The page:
AGL acquires Australian C&I solar providers Solgen and Epho

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Solgen has delivered more than 15,000 solar projects in the past decade. Image: Solgen Energy via Twitter.

Australian utility AGL Energy has secured deals to acquire two commercial and industrial (C&I) solar companies, Solgen Energy Group and Epho, as it looks to strengthen its existing PV capabilities.

AGL, which operates the largest electricity portfolio in Australia’s National Electricity Market (NEM) and is the country’s biggest greenhouse gas emitter, said the acquisitions will allow it to deliver “more tailored and innovative” energy solutions for businesses.

Established in 2008, Solgen is among Australia’s largest commercial solar providers, having delivered more than 15,000 projects in the last decade. It also owns solar equipment distribution business Sol Distribution.

Epho, which AGL will acquire from Anchorage Capital Partners, specialises in the construction and maintenance of large-scale systems and has carried out more than 400 solar installations in Australia, including a 6MW PV park at Brisbane airport.

Oliver Hartley, managing director at Epho, said the acquisition will allow the company to provide a “full suite of on- and off-site renewable energy retail solutions” that its clients require to meet their environmental commitments.

“We can make a material difference to the carbon foot-print of corporate Australia,” he added.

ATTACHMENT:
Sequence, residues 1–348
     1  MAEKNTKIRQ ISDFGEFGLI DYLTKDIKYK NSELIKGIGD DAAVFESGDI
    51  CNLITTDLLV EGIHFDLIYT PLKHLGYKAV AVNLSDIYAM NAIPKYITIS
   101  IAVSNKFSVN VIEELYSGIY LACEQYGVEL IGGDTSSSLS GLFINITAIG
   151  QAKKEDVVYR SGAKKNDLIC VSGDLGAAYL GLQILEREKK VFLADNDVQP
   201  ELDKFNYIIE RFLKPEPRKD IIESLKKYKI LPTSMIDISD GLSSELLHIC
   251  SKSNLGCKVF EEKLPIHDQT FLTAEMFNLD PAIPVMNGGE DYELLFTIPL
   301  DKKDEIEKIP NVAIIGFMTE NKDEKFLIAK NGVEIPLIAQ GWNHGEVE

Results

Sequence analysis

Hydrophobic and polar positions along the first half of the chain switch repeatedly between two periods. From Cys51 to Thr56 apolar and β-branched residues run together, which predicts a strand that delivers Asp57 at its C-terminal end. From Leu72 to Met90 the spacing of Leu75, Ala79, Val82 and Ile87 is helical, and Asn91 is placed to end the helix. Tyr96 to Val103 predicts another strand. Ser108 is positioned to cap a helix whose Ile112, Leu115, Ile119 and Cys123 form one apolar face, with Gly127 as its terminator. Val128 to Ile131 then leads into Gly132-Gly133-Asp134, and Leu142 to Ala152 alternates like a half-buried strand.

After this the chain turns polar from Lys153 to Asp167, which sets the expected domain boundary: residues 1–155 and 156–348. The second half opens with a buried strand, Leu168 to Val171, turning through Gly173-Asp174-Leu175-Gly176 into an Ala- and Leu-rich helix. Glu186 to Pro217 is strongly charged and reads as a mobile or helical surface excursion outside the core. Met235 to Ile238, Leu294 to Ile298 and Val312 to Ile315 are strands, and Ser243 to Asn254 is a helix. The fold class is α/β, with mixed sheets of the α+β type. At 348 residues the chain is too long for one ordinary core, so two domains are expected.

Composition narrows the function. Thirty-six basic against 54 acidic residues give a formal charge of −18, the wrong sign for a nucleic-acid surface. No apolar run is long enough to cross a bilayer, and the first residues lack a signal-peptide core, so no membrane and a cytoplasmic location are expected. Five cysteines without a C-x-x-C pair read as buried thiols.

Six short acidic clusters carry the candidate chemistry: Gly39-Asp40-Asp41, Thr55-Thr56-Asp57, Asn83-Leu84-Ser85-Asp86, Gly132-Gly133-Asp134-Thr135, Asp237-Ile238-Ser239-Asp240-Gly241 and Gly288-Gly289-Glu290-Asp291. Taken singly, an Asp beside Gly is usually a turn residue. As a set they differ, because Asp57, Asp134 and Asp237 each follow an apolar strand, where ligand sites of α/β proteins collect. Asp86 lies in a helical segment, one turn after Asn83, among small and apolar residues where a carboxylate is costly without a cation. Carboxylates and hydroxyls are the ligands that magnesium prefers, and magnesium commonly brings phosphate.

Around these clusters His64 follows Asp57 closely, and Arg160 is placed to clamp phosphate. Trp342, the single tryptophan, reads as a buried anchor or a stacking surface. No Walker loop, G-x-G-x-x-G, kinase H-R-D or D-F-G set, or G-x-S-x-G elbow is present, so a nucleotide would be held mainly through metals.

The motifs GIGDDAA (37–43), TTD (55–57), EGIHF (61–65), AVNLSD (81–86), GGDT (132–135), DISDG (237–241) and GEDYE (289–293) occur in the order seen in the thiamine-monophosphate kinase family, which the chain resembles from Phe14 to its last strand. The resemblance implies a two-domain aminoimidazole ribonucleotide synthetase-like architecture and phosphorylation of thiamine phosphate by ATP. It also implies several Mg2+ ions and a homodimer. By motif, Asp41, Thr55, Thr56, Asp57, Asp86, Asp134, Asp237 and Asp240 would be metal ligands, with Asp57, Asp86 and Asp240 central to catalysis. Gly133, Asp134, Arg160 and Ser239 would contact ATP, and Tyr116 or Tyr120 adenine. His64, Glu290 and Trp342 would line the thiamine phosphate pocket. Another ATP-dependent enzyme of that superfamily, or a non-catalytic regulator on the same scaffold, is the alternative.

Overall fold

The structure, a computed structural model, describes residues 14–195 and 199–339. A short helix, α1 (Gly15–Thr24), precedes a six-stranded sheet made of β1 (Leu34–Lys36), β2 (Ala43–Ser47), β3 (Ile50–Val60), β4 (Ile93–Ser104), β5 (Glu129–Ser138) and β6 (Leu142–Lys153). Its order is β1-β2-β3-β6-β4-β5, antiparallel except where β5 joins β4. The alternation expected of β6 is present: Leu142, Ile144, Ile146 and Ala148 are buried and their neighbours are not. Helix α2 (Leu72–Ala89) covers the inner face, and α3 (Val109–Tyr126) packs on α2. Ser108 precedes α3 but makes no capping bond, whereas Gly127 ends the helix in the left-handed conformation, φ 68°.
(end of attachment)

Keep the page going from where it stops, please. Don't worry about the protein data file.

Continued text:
AGL CEO Brett Redman said the two acquisitions will allow the utility to deliver more than 70MW of commercial solar projects each year. “This part of the energy sector has seen significant growth over the last ten years, as businesses right across Australia seek out solar offerings to help them decarbonise, reduce costs and create sustainable operations.”

Recent figures from the Australian Energy Council revealed that the amount of rooftop solar installations in Australia grew by 18% last year. Despite the impact from COVID-19, some 2.6GW of capacity and 333,978 rooftop PV installations were added to the grid during 2020. In Western Australia, rooftop PV is set to be the fastest-growing form of new capacity, with the expansion displacing coal as well as large-scale solar projects.

Alongside the rise of Australia’s C&I market, the amount of corporate power purchase agreements (PPA) in the country from last year are expected to reach record levels. A report published in December from Business Renewables Centre Australia found more than 3GW of renewables have been contracted since 2017 in the country through corporate PPAs.

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